The Ego in Nietzsche's "On The Despisers of the Body"

Walter Kaufmann, in his translation of Nietzsche's Thus Spoke Zarathustra has an interesting aside in his Editor's Note to the first part, in his description of Part 4, "On the Despisers of the Body". "The psychological analysis begun in the previous chapter ['On The Afterworldly'] is here carried further. The use of the term 'ego' influenced Freud, via Georg Groddeck." [1]

The relation between Freud and Nietzsche is ambiguous, but it does seem to be the consensus that there are some rather definitive resonances between the two. Pierre Bayard, with his characteristic deadpan humour, even makes an argument for Nietzsche's plagiarism of Freud in Le Plagiat par anticipation ('Plagiarism by Anticipation'), along with audacious arguments for Voltaire's borrowing from Conan Doyle and Sophocles' plagiarism of Sigmund Freud (Bayard, of course, is a psychoanalyst, with the characteristic bloodhound instinct for Oedipus). Setting aside time-travel and eternal-recurrence considerations for now, we might like to consider at this point what the ego is in Nietzsche, at least in this section.

The text, which is only two pages long in the Kaufmann translation in The Portable Nietzsche, uses three terms - the "I", the "self", and the "ego". Given that the Freudian term 'ego' is the German word Ich, it might be instructive to dive into the original German. But the "I" and the "ego" are not really distinct here. "I", the one who says "I", at any rate, is not identical to the body and does not even surpass it. Quite the opposite, really. "The body is a great reason, a plurality with one sense, a war and a peace, a herd and a shepherd. An instrument of your body is also your little reason ... which you call 'spirit' - a little instrument and toy of your great reason." [2]

We move on from the vocabulary of the I and the body to the ego and the body, at least in how Kaufmann prefers to translate this passage. The self that dwells in the body; the self that is identical to the body - it is the "mighty ruler" that "controls, and is in control of the ego too".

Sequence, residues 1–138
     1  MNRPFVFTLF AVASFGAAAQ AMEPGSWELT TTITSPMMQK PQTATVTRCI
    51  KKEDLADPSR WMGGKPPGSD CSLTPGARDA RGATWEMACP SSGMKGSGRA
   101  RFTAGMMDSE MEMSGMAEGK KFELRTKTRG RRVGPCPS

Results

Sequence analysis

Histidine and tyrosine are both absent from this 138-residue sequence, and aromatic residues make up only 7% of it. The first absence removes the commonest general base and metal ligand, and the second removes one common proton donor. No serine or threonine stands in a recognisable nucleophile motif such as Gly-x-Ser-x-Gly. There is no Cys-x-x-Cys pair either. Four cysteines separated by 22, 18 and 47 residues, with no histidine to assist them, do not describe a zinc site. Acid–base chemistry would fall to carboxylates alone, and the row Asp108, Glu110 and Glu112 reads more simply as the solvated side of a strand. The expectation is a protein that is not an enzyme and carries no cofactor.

It's a model that looks back to Schopenhauer's anthropology - "the body is the phenomenal form of the will to live" [3], and his attitude toward the intellect - "merely a tool in service of [one's] will and is entirely consumed by this service" [4], but which at the same time, looks forward to Freud's metapsychology, especially when we come across passages like this: "The self says to the ego, 'Feel pain here!' Then the ego suffers and thinks how it might suffer no more - and that is why it is made to think." [5]

If we may speculate somewhat in an amateur fashion, this is the psychology that Nietzsche presents to us here. The ego is a particular differentiated part of the body (given Nietzsche's own interest in physiology). It is not "the" reason or "the" intellect, it is not a rational human soul under attack by animalistic urges or cravings, rather it is the body too that has its own reason, its own vast stores of intellect, of which the ego is denied. The ego is that which says "I", and the body is that which 'does not say 'I,' but does 'I.'' The ego follows the pleasure principle in that it avoids pain and seeks pleasure, both of which are not the properties of the body but the properties of the ego - Nietzsche is agnostic as to the affective capacity of the body, at least here, but it is the ego that produces an affective subject that can feel pain or pleasure. Mental activity is directed towards these pleasure/pain ends. Thinking does not occur naturally but has to be forced. [6] The activity of the self is quite rightly "beyond the pleasure principle" in that the self that is creative. It is the self that creates all sorts of values, including the ascetic ideals of the "despisers of the body".